It totally is, yeah. I think horror, more than other genres, really does represent the underrepresented. It focuses on the people on the fringes of society, and in early horror, those were maybe the monsters; you know, you’d see yourself represented in a Frankenstein monster, sort of this unnatural person. But I think as queer people were drawn to that, and as the genre has grown and evolved, we’re not just the monsters–which are, by the way, great parts to play. But now in this film, we’re the heroes. In horror, the movies can be about one thing, but they talk about something else pretty consistently. Not every movie does that, but horror has the best opportunity to, and it’s really fun to explore.

Without giving details away, can you talk about shooting the final sequence? That must have been pretty intense.

It was intense. We did that for a couple of days, and it was a practical set, where the floor would shake. We were on a balancing board, so the whole set was moving, and we had prosthetics and makeup going on. That was one of my audition scenes, so it was a long time coming, and it was one of the last things we did, so we felt very prepared to do it. And it was very intense, and I think we were all glad to get that behind us, and say, “Wow, we finally did it,” you know?

Auditioning with that scene must have been intense too. Do you often find, when reading for horror films, that they give you the harshest scenes?

You know, sometimes they do, and it can be very silly, because you have to do an audition where you see the big scary monster, but it’s not in front of you. While filming, at least you’re in your costume, you’re on set, maybe there’s a practical, maybe there’s not, but everything else in your reality is there. In an audition, you’re either on Zoom or in an office with white walls, you know? I was recently called for an audition where I had to play getting my arms cut off and then my head cut off, and it was like, “What are you talking about?” But doing THE EXORCISM was rooted in so much character background, and it came from such an internal place, that it was less about the horror of the scenes and more about the connection between me and my father. It was really scary and really difficult, but it was also a pleasure to do.

How did Miller take to his first time as a feature director? Was he kind of a natural at this point?

Yeah, he was. When you grow up around sets, it is easier, but he also had such a clear vision and such a unique story to tell. We were very concerned with the characters, and we wanted to make sure we were honest about them, that those relationships landed and that we had a grounded core to the movie, so that the horror played and was believable. And he assembled a fantastic cast, and our crew was also incredible; our DP, Simon Duggan, was great.

Was Kevin Williamson a presence on the set?

Yeah, Kevin was there the whole time, and he was fantastic. He obviously himself is such a legend in the horror space, and such an icon of queer horror, so it was great to have not only these young queer filmmakers, but also a more established guy sort of holding our hands throughout it and making sure we achieved what we wanted to do.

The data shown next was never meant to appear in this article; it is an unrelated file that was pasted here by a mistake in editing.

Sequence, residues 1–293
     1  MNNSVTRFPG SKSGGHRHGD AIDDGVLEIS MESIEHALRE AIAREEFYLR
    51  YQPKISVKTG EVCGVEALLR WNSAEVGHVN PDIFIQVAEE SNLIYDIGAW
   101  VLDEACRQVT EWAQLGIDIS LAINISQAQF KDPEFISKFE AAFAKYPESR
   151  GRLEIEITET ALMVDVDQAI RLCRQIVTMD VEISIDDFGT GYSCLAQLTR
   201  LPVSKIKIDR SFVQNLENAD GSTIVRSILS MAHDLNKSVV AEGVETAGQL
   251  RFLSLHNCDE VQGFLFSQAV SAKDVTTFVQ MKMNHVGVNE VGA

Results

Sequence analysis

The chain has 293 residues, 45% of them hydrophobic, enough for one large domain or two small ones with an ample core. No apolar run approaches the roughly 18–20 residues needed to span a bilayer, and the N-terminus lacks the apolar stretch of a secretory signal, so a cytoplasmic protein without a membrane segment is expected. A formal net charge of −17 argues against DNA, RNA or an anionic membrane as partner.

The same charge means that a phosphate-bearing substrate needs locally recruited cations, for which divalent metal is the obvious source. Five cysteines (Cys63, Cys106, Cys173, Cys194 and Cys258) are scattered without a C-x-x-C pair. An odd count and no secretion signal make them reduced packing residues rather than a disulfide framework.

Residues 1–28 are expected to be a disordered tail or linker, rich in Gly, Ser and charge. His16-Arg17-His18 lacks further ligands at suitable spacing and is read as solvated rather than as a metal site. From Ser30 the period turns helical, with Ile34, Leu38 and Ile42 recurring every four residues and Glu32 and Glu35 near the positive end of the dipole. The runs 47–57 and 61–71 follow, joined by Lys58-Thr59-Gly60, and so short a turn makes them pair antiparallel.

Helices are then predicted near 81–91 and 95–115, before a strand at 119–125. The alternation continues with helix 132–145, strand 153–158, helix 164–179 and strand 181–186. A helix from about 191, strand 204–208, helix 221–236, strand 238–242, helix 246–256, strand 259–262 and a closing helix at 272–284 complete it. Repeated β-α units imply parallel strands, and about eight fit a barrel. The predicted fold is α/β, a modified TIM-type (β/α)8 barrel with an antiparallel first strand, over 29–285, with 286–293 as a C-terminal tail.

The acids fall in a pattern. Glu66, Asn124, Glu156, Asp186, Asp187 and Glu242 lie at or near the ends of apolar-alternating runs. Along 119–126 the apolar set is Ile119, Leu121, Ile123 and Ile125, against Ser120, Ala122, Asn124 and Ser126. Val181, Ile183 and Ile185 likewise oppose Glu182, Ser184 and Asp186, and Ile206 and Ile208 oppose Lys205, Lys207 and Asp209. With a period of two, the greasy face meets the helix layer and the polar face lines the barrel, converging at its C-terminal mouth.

Jumping back a bit, can you talk about the experience of making the FEAR STREET films?

That was really fun. It was very different from THE EXORCISM, in that those movies are a little poppier. They felt almost like doing an Indiana Jones movie; we were crawling through cave systems and talking about haunted diaries and following maps. It felt more like fantasy, whereas this one was much more grounded. FEAR STREET was also exciting because I had never gotten to play a character like Alice up until that point. I always found myself in more timid roles, weaker roles, sort of victims often, even though I myself have always been a strong-willed person. And then Alice was such a jolt of energy, which was great. And since FEAR STREET, I’ve been given the opportunity to play a lot more out-there, rebellious characters, which is fun.

Did they shoot one film after the other, or did they alternate which of the trilogy they were shooting each day?

Well, they started those movies in March, and we wrapped in August, and they shot them back to back to back. But the second movie was the last one they shot, so they were doing reshoots for the other two while they were filming ours, and there was a lot of overlap, which was bizarre but also cool to see–to get a little window into the other films. And my character didn’t even exist in FEAR STREET: PART TWO until about a month before we shot it. There was a huge rewrite where they invented my part, so I auditioned and then two weeks later I was in Atlanta, and while we were filming PART TWO, they decided to put me in PART THREE. That was the gift of shooting that way, but it was probably pretty strenuous for a lot of the people involved.

Do you have any horror projects that you’re working on or that might be coming out soon?

As far as horror, not explicitly. I want to move more into the behind-the-scenes space. I’ve always written, and I’ve directed some, and I want to continue to do that. I have a film that’s in development now, and it’s been going very well. That is supposed to go probably in January, but that’s not horror at all. And then I have another script I’m working on that is more of a horror/comedy.

What about the audition where you had to pretend you were getting your arms and your head cut off? Did you get that part?

I didn’t even do that audition, honestly! I was like, simply, “No!”

Michael Gingold
Michael Gingold (RUE MORGUE's Head Writer) has been covering the world of horror cinema for over three decades, and in addition to his work for RUE MORGUE, he has been a longtime writer and editor for FANGORIA magazine and its website. He has also written for BIRTH.MOVIES.DEATH, SCREAM,, TIME OUT, DELIRIUM, MOVIEMAKER and others. He is the author of the AD NAUSEAM books (1984 Publishing) and THE FRIGHTFEST GUIDE TO MONSTER MOVIES (FAB Press), and he has contributed documentaries, featurettes and liner notes to numerous Blu-rays, including the award-winning feature-length doc TWISTED TALE: THE UNMAKING OF "SPOOKIES" (Vinegar Syndrome).